To learn and practice reading we went over our daily reading deck and practiced reading words with our new consonants j, v, and w. We utilized a worksheet and also covered some high frequency and learned words.

High frequency words : if, big, will, got, not, on, off, man, ask, go, no, so

Learned words: of, to, do

We also practiced spelling out words and isolating sounds in syllables. We used our colored blocks to represent sounds. The students listened and echoed each word, isolated the sounds, and represented each sound with a different colored block. We went over the nonsense words : rog, bon, dosp, flop, mom, and stog.

In lesson 9, we split the alphabet in two and went over the two different halves. A - M and N - Z. The students named and indentified which half of the alphanet the letter belonged in. We then covered the sound system and syllables. The students were given words, and were asked to count to the syllables. Words used : blowout, Dracula, equator, patriotic, individual, mosquito, swamp.

They then practiced isolating the first syllable with the words : (ze)bra, (dim)ple, (bi)cycle, (vol)cano, (mocca)sin, (luna)tic, (thun)der.

We then went over a new letter, short vowel u, and the key word umbrella. To practice reading we went through our daily reading deck, named the letters, key words, and sounds. We practiced reading words with the syllables u, a, o, and , and we covered a student worksheet.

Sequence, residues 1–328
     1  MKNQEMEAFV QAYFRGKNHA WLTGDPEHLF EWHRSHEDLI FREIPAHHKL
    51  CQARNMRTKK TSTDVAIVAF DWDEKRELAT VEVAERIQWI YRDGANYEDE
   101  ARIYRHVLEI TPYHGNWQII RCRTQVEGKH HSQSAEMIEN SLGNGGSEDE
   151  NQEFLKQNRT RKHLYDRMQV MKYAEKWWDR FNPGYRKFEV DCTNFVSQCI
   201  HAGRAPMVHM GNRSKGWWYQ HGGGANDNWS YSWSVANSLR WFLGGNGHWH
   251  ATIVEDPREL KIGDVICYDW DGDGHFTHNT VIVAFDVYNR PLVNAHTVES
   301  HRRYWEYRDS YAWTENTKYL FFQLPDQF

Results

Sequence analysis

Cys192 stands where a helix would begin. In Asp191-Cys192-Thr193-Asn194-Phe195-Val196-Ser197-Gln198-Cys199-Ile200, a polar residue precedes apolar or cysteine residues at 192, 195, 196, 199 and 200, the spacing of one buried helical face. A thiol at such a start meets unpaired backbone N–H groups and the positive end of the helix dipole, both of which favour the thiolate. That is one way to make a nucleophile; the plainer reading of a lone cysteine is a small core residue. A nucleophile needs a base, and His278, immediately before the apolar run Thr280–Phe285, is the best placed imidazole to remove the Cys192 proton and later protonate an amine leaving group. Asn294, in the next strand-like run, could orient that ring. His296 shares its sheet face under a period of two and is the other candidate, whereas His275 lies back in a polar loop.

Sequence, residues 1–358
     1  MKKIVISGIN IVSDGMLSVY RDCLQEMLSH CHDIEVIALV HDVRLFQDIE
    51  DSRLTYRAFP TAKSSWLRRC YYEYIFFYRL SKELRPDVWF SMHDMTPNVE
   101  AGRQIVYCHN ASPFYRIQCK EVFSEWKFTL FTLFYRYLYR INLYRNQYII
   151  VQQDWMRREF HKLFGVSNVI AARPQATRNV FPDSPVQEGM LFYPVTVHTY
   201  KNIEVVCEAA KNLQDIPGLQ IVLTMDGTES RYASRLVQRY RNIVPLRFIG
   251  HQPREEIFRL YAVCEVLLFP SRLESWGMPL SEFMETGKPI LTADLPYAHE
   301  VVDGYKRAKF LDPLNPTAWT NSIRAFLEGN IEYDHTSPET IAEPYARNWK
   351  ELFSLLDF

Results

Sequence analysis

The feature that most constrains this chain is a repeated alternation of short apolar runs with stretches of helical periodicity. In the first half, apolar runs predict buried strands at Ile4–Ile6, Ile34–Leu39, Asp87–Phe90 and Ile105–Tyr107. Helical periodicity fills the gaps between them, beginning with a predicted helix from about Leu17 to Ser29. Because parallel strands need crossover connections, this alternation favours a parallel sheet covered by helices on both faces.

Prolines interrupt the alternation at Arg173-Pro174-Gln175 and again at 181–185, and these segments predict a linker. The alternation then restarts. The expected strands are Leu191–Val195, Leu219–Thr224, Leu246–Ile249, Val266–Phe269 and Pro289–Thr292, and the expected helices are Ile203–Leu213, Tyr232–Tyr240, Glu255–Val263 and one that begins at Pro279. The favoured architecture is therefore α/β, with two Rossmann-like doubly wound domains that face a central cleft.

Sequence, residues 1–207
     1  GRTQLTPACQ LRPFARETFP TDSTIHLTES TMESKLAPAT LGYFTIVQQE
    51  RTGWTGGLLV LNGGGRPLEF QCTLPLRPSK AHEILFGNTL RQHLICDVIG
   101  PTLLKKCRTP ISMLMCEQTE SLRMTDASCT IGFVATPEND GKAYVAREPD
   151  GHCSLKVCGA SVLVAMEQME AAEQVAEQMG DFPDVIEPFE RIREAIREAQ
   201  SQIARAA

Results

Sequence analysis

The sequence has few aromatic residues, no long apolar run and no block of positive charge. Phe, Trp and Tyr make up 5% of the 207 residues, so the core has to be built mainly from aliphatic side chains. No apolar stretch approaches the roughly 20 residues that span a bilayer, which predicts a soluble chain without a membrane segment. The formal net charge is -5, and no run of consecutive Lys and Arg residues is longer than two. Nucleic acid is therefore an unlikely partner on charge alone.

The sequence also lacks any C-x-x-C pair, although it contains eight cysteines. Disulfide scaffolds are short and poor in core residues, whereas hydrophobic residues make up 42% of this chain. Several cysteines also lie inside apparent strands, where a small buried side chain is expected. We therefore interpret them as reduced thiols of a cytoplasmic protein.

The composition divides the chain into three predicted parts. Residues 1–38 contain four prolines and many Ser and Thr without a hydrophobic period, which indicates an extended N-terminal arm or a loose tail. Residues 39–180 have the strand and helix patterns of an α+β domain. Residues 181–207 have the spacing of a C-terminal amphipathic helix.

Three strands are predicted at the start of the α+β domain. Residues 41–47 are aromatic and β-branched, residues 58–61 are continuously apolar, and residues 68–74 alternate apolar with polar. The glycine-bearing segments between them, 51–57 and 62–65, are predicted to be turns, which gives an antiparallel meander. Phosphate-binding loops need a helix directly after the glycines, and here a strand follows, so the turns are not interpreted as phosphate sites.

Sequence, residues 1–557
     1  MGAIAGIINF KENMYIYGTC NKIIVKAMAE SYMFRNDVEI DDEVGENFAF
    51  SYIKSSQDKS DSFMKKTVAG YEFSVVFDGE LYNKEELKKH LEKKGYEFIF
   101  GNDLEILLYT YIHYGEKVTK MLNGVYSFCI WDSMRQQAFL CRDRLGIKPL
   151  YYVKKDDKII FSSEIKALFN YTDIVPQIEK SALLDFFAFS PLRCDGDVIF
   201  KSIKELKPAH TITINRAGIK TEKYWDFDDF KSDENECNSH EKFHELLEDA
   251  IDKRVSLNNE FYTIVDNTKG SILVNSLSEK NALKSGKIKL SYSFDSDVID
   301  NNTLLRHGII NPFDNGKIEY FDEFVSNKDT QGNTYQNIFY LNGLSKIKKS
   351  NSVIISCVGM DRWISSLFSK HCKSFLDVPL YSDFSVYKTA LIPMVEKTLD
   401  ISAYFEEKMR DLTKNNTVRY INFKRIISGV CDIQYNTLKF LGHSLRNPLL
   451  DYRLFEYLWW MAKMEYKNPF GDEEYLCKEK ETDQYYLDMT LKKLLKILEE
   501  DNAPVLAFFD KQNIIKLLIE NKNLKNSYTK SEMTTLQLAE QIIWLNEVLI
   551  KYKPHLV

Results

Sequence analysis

We learned the High Frequency words but, up, us and the Learned words you, and put, and covered the definition of a sentence.

A sentence is a group of words that expresses a complete thought.

To practice spelling we wrote out words and practiced echoing, isolating the final sound in words, and writing them. We used another student worksheet and covered the words : tint, bab, tisp, gad, nog, and gam.

Moving along in the lessons, I can see the progress of our students. After teaching my first lesson I felt pretty confident, but I know it's all a learning process. One of my students told me she really enjoyed class with me, and it melted my heart. Giving back, and helping others is one thing I know I want to be doing for the rest of my life. Knowing that my students are learning English and literacy skills is so amazing. I can only hope that this class helps them function outside of classroom, in their personal and public lives.

Thursday, September 1, 2011

Day 8

ABRP Instructors - Kim Galati, Walter Pierce, & Myself

August 30th marked the fourth day of class. We did our first drill and covered lesson 7. The drills we have cover and summarize topics we learn in the lessons before hand. So before the 30th we covered lessons 1, 2, 3, 4, 6, and 5 so on the 30th we did the drill for after lesson 6 and lesson 7.